tl;dr: The first annual Journal of Bicycle Feminism is up on Kickstarter! Help make it happen, friends. August 1st was a scorcher, and around 3pm Julie the intern insisted that we cut short our work day and go get ice cream. No convincing arguments against this plan presented themselves, so she hopped onto the back […]
When I first saw the ShockTwat on its inaugural journey, I marveled at it for two minutes straight and then snapped a photo with my phone at the last moment before it rolled away. When the time came to launch the Kickstarter campaign for Our Bodies, Our Bikes, I looked through my photos for a […]
It’s official: Our Bodies, Our Bikes the book is in the works. And it’s funding on Kickstarter right now. The image above is one of Katura Reynolds‘ preliminary sketches for the book cover. You might remember Katura from the space sharks on the cover of the first Bikes in Space, or from her compelling stories […]
I got home from tour to find a big box of the new promotional postcard for Elly Blue Publishing (joining its popular colleague the Bike Tour Packing List postcard): The mama robot cargo bike image was drawn by Ellie Poley. She sent it in response to my call for “sloppy drawings of robots on bicycles.” […]
@deisum @ellyblue https://t.co/LGFbmSakxZ pic.twitter.com/hoEuEOdLoN — Sam Ollinger (@ollingers) July 10, 2014 After clicking through to the original forum thread to confirm that John Forester’s comments about gender screencapped here were made in earnest, I have nothing to add. Thanks to the strong-stomached Sam Ollinger, director of San Diego advocacy group BikeSD, for going boldy into […]
In the wake of the 3rd annual National Women’s Bicycling Forum in DC last week, there’s been some buzz online—does it make sense to have a separate women’s event? Does it help or does it segregate? Is the women’s forum the reason that the ensuing National Bike Summit was largely populated and led by white […]
Ever since the original Our Bodies, Our Bikes zine came out, I knew that any future edition would need to talk about reproductive rights. In the past year, the connection has been very much on my mind, as the women’s bicycling movement has taken off in a positive direction at the same time as women’s […]
Submission guidelines for Taking the Lane, and the sliding scale pricing gap for the ninth issue, Disaster!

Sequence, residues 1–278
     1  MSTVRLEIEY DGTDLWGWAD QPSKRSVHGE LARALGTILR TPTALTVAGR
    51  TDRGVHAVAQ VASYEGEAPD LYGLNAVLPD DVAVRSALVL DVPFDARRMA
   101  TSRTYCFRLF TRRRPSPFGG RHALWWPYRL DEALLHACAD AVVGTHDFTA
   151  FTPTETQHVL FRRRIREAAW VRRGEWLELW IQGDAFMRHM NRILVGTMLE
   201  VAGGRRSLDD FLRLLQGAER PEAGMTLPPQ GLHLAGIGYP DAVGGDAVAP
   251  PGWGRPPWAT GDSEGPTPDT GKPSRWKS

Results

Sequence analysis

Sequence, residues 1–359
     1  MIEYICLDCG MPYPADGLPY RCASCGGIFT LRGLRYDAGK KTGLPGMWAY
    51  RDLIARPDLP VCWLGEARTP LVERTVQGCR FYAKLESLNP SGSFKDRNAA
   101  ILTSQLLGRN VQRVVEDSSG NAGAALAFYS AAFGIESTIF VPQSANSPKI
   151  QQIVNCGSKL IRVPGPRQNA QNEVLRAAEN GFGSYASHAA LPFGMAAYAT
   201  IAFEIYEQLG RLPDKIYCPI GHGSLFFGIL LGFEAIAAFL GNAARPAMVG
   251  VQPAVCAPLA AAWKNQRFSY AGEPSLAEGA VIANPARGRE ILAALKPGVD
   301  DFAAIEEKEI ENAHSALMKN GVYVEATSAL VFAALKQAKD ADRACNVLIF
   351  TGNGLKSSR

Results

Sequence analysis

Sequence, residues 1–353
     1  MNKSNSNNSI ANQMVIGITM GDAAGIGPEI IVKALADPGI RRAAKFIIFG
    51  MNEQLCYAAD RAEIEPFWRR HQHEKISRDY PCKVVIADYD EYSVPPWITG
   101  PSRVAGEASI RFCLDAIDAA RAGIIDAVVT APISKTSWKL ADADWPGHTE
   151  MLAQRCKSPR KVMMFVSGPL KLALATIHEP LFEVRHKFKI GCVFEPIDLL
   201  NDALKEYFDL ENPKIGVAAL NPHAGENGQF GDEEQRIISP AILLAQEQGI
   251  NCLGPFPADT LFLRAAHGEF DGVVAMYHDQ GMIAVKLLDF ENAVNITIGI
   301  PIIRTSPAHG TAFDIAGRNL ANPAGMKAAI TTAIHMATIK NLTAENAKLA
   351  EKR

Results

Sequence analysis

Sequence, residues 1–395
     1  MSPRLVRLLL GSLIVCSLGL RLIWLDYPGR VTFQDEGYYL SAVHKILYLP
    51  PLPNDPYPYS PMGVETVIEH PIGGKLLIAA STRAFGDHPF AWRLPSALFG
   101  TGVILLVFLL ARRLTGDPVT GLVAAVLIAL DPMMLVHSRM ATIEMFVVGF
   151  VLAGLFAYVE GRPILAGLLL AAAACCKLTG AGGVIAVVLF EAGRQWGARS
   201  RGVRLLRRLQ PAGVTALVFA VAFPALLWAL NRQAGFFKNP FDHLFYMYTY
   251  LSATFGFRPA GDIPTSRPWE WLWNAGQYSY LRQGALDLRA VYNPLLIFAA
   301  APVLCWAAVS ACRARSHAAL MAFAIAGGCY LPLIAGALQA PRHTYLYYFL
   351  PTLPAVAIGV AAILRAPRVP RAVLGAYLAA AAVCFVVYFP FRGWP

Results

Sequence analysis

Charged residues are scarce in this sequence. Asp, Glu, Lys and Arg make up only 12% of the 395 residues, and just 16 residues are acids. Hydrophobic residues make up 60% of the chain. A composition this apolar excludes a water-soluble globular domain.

The language barrier being what it was, I still don’t know exactly why I was invited to be a keynote speaker at the 5th National Urban Cycling Congress that took place in Oaxaca, Mexico, at the end of September, though I’m extremely glad I went. It was hard to figure out what I was being […]
Getting ready to jump over a hurdle at a 2009 ‘cross race. Cyclocross season is well underway. It’s something of a local pastime here in Portland, with serious road racers enjoying a chance to eat waffles and get muddy (well, this year it’s more like dusty) in a cheery, open environment. Many everyday, regular, jeans-and-a-t-shirt […]
On Monday afternoon, I posted about the Bike Test, an analytical tool to help the people in the bicycle industry, advocacy, and media to determine if an image or situation is sexist. There’s been quite a response; loads of people coming to read the article, tons of discussion and debate in online forums and social […]
The Bike Test is a three part analytical tool for determining whether or not something like an advertisement or event is sexist. It was developed for use in the bicycle industry and advocacy world, but can be applied to any field, and can also work for race, class, sexuality, or other category beyond gender.
While I share a lot of links on Twitter — it’s a great way to work out my aggregative feelings — sometimes there’s just a lot of cool, empowering, interesting bike news. This month has been one of those months, so here’s a selection. Some old news, some new news, all high quality infotainment to […]
A critique of the Cycle Chic (TM) concept (based on the blog founded in Copenhagen in 2006), in which its merits are appreciated, its sexism is not, and the topic of bicycle helmets is mostly ignored.